The U.S. Forest Service has issued a warning for people to stay away from the Mendenhall Glacier ice caves because the entrance “appears to be thinning dramatically and will soon collapse.”
The deterioration was noticed during a recent aerial observation of the popular Juneau attraction, and the danger posed to those who enter “has likely increased considerably,” the Forest Service stated in a news release. The cause is presumed to be heavy rainfall paired with “typical summer melting.”
Mendenhall Glacier Visitor Center director John Neary flew over the ice cave on Wednesday en route to view the condition of Suicide Basin.
“Although ice caves are inherently dangerous because they occur under a melting glacier, this one seems particularly ready to collapse,” Neary said.
At least one commercial tour company agreed.
“(Our) guides evaluate the condition of the cave on every one of their trips and on July 3, 2014, as a company they decided that the large cave along the glacier’s margin was unsafe to enter with clients,” Above and Beyond Alaska co-owner Becky Janes said in a prepared statement.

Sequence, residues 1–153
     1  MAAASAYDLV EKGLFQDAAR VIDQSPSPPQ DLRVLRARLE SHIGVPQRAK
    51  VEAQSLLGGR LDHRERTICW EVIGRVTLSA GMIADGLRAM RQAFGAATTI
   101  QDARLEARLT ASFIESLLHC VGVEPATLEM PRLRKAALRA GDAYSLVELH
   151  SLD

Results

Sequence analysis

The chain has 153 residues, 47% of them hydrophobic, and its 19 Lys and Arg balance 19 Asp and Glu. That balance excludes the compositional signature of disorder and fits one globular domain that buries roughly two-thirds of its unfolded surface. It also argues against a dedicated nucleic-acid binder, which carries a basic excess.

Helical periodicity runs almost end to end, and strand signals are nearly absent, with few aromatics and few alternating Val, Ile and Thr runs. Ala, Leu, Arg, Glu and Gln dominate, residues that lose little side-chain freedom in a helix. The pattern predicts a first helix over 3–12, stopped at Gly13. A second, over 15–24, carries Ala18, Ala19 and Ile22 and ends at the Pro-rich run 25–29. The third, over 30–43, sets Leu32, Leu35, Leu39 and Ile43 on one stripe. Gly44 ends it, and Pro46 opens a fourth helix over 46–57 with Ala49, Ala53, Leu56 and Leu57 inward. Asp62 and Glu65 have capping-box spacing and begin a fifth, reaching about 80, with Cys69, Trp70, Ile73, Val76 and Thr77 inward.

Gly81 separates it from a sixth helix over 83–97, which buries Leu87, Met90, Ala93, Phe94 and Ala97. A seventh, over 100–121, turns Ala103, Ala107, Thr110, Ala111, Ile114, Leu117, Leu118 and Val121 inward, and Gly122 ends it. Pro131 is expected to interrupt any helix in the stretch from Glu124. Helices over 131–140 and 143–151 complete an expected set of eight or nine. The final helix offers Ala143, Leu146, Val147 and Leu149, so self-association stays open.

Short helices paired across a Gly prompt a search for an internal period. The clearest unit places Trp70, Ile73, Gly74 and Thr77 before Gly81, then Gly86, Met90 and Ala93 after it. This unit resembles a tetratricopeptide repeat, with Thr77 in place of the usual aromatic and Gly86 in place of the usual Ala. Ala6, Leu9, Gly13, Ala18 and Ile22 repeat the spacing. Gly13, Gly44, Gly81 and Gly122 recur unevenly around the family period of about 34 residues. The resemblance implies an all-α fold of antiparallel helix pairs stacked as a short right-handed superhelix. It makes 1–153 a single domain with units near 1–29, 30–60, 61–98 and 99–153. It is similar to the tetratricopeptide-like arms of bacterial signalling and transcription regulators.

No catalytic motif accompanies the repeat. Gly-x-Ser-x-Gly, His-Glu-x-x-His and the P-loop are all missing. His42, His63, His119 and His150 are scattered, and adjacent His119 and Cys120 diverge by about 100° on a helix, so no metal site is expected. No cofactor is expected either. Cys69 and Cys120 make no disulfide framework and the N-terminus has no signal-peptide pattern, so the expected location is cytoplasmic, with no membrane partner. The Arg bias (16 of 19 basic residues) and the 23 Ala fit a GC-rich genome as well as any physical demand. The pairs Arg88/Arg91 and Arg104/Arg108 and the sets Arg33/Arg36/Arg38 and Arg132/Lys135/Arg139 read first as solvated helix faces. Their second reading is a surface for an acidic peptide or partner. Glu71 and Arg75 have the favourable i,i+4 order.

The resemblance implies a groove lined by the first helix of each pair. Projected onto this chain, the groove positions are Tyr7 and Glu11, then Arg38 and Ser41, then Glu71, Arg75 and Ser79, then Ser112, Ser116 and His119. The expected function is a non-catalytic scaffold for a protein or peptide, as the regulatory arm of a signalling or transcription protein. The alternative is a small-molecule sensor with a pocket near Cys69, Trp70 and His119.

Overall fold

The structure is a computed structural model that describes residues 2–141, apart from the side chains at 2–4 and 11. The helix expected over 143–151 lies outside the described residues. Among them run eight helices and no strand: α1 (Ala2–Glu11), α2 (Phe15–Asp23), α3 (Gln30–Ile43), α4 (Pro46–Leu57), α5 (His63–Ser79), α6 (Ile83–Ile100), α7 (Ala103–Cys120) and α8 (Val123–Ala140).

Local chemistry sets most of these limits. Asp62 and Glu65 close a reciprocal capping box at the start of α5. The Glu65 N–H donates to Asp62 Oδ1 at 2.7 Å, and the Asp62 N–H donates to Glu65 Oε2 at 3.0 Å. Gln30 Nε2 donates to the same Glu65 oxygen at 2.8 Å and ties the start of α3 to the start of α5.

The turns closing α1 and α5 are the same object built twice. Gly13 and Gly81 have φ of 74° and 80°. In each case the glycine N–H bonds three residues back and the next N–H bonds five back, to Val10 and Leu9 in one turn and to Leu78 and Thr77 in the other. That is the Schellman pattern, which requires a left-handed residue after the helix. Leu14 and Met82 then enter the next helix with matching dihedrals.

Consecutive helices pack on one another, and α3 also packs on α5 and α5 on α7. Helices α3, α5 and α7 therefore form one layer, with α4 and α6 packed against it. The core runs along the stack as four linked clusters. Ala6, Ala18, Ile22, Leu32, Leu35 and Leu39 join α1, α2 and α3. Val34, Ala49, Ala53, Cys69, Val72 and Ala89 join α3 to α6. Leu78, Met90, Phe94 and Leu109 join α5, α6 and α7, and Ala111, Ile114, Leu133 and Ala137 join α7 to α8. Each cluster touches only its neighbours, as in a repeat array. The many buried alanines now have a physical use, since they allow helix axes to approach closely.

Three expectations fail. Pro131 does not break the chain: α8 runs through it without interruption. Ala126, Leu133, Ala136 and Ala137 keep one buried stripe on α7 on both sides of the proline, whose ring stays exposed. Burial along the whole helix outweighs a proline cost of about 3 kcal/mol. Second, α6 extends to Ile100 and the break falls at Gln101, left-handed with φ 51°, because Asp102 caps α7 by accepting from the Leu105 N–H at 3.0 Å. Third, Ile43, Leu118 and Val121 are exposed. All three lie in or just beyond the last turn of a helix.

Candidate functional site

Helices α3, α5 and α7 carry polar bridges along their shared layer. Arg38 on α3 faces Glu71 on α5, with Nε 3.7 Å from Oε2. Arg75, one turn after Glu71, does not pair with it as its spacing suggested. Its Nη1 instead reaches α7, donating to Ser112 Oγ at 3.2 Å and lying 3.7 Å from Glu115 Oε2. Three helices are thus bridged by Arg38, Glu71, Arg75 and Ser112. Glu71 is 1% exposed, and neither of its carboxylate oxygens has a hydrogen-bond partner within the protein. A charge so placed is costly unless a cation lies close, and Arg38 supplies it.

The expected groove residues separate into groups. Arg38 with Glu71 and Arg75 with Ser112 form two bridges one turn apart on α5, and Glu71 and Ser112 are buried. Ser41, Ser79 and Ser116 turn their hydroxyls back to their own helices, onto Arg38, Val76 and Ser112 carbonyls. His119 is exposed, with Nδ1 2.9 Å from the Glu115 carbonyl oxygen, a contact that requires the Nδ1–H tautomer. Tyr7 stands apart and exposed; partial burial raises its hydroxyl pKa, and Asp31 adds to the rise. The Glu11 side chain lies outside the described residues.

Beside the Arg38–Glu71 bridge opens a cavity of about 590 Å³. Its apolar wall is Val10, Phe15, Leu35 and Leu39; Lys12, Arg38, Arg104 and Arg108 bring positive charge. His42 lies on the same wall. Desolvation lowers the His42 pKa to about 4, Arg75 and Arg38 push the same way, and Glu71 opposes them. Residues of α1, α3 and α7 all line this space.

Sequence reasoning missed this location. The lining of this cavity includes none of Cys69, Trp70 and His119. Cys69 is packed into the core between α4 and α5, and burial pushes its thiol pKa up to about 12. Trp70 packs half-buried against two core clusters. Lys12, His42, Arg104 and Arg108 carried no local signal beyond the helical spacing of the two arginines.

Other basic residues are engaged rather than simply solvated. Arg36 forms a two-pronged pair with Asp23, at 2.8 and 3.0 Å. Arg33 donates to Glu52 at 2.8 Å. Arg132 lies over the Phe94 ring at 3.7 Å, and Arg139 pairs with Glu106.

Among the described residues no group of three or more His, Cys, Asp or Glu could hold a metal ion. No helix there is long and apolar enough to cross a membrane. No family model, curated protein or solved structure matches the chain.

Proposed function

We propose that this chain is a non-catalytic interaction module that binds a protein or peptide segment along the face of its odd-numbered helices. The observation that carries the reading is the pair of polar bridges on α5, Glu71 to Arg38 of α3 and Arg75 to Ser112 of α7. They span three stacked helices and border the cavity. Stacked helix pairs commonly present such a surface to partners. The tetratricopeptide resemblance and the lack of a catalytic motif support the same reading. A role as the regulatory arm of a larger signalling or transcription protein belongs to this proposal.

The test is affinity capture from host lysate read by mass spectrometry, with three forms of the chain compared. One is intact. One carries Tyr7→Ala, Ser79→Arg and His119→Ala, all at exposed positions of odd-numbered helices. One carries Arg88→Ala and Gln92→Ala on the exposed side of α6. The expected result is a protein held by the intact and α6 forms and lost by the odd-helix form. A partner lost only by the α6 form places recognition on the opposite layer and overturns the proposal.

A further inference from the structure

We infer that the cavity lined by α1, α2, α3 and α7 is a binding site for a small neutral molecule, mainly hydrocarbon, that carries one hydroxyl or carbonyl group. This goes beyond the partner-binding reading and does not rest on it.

Above and Beyond Alaska is one of two companies with Forest Service commercial guiding permits for the west side of Mendenhall Glacier.
The Forest Service said a collapse of the ice cave entrance could be fatal or cause serious injuries if falling ice or rock debris drops onto people or pets.
“Officials caution hikers and kayakers to be prepared for rugged conditions if they try to access the ice cave and glacier,” the release states. “The Forest Service advises wearing sturdy hiking boots and good outdoor clothing and quality rain gear. Have a communication plan so a friend knows where you are traveling and your anticipated time of return. Carry dry clothing, food and water for survival in case of an unplanned overnight stay.”